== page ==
Column: Welcome to High School

It’s not always easy, but it’s never impossible

Anika Paulette, staff writer

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       Let’s start with “Congratulations!”  

       You’ve made it through middle school. 

       If it makes you feel any better, we’ve all been here. Everyone, even those big tall seniors you’re going to see towering over you this year were once like you — the wide-eyed freshie with a much-too-heavy backpack filled with school supplies and anxiety. 

       I was that at one point, too — well, that one point was last year. Don’t be afraid to talk to people and make new friends.

“High school might not be just like what you saw in the movies, but it can be full of life.””

— Anika Paulette

       High school might not be just like what you saw in the movies, but it can be full of life experiences, good and not-so-good, that can help you grow and change as a person. I started my freshman year uncomfortable. I wasn’t sure where I fit in, but I think I came out a little bit smarter. You can, too. 

       Expect your classes to be harder, but social life may be a bit healthier. Sure, you might still have some toxic people in your life but this school is big. Cut them out. Join activities where people share your interests. You can meet some friends there. 

        On the first day of my freshman year, I remember my mom dropping me off at the back of the school and telling me to have a good day. Next thing I knew I was suddenly sitting in the middle of a crowded gymnasium, on cold plastic bleachers surrounded by classmates who were way too close.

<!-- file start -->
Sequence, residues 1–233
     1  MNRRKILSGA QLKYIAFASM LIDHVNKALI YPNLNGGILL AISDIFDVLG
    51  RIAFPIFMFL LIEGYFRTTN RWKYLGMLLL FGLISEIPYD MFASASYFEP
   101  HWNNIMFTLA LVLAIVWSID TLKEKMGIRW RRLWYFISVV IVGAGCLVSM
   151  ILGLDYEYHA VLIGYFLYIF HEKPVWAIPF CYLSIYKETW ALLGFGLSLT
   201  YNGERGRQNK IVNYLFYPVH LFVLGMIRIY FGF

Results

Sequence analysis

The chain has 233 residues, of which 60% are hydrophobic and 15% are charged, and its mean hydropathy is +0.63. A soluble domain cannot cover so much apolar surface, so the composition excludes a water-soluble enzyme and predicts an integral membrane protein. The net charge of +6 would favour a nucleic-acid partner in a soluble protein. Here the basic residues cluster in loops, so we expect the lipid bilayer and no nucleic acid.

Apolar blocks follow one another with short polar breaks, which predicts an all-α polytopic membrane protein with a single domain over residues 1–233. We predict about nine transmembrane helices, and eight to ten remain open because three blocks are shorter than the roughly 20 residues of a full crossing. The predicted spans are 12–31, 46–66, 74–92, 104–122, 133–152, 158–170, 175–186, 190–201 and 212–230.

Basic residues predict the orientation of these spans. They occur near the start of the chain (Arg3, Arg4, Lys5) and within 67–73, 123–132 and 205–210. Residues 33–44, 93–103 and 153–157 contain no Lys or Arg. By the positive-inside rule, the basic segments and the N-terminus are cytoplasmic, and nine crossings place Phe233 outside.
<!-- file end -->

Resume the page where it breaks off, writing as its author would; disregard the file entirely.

Don’t worry. It all goes up from there. You’ll eventually find your way around, learn your locker combination and remember the routes to your classes — all the basic stuff.. 

       I would be lying if I said I never struggled with my classes. I know a lot of students breezed through, I just wasn’t one of them. My best advice is not to worry about your freshman classes too much. Or too little. Honestly, just do your homework. Take the electives that appeal to your passions and take required courses at levels you’re comfortable with. 

       Get to know your teachers. Most of them are genuinely interested in your success. Ask questions. Let yourself be noticed. Stop by after school for help if you need it. And don’t be afraid to ask for the help you need. Sometimes your best assistance may come from a fellow student or from your counselor. Regardless, even if you ask a “dumb question” in English class, nobody will remember (or care) the next day and, frankly, half the people acting like it was a “dumb question” probably wanted to know, too.

       Good luck, I’ll be seeing you around.